MapReduce is a core component of Hadoop (along with HDFS and Yet Another Resource Negotiated, or YARN).
Google introduced MapReduce as a programming model to facilitate its search processes. This framework serves two basic functions: It parcels out work to various nodes within a map (or cluster), and it organizes the workload to reduce the results into a relevant answer to a query.
One of the limitations of Hadoop MapReduce is that the framework can only batch process one job at a time.
Apache Spark Overview
Apache Spark™ is a next-generation, open-source processing engine that combines batch, streaming, and interactive analytics on all the data in one platform via in-memory capabilities. Spark facilitates ease of use, providing the ability to quickly write applications with built-in operators and APIs, along with faster performance and implementation.
It also facilitates robust analytics, with out-of-the-box algorithms and functions for complex analytics, machine learning and interactive queries. Spark’s main components include:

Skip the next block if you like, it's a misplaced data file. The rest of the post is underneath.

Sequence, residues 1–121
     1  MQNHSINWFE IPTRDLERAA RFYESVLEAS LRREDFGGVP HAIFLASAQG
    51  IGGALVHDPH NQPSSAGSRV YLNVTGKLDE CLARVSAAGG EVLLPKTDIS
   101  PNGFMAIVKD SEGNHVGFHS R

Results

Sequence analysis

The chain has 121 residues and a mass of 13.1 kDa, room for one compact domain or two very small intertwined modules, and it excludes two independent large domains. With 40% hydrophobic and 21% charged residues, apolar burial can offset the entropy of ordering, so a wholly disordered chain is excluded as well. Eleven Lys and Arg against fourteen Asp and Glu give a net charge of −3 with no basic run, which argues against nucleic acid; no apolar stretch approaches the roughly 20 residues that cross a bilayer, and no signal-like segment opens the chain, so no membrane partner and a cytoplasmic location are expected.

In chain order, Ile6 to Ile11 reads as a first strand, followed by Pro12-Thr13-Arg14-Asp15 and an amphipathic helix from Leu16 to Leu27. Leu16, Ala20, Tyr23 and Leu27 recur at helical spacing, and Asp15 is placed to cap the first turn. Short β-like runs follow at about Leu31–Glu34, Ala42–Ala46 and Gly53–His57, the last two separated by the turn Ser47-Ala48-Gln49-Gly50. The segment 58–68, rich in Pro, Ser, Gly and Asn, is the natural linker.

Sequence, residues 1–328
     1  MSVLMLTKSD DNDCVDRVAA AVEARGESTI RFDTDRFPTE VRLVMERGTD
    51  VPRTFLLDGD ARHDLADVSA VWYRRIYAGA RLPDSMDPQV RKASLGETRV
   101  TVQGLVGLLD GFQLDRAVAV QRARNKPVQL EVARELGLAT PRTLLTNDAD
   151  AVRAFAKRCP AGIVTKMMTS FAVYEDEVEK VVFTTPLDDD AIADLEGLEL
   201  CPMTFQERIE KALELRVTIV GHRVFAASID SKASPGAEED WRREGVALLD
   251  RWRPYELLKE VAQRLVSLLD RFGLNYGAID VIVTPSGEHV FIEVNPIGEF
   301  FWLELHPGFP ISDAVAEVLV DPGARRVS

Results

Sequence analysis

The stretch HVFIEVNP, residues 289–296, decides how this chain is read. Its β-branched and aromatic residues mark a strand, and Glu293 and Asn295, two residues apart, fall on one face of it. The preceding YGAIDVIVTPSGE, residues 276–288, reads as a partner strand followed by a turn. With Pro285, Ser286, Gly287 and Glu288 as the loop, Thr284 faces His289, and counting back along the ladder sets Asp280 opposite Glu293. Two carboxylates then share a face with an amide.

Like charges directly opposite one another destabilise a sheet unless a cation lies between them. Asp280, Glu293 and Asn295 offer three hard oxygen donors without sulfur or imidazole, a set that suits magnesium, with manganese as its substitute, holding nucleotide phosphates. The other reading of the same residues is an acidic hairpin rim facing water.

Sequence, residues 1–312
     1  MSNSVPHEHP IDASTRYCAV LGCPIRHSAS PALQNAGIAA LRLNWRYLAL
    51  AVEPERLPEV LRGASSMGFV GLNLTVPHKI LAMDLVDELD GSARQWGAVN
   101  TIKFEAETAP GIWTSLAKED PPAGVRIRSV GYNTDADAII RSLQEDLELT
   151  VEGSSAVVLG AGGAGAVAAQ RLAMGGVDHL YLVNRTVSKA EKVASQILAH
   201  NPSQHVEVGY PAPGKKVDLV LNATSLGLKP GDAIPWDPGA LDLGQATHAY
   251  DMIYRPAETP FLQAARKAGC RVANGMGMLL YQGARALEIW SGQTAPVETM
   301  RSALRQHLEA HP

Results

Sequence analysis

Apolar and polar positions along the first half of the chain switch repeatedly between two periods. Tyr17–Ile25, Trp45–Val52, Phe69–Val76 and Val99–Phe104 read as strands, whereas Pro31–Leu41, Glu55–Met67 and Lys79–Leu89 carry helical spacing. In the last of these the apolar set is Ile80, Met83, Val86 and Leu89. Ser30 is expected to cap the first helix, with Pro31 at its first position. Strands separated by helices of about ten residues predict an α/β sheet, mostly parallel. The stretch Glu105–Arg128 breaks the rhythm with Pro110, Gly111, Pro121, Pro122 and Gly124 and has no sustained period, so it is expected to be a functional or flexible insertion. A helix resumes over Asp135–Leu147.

- Spark Core,
- Spark SQL (with DataFrames),
- Spark Streaming,
- Spark MLlib (including ML Pipelines), and
- GraphX (including GraphFrames).
Spark also supports variety of languages such as Java, Python and Scala and has over 1000 developers contributing to the solution.
This framework can run on top of existing Hadoop clusters. It can process structured data in Hive and stream data from a variety of sources (HDFS, Flume, Kafka, etc.)
Spark’s advantages include:
- Integrated advanced analytics
- Use of data parallel processing
- More efficient than MapReduce
- Continuous micro-batch processing based on its own streaming API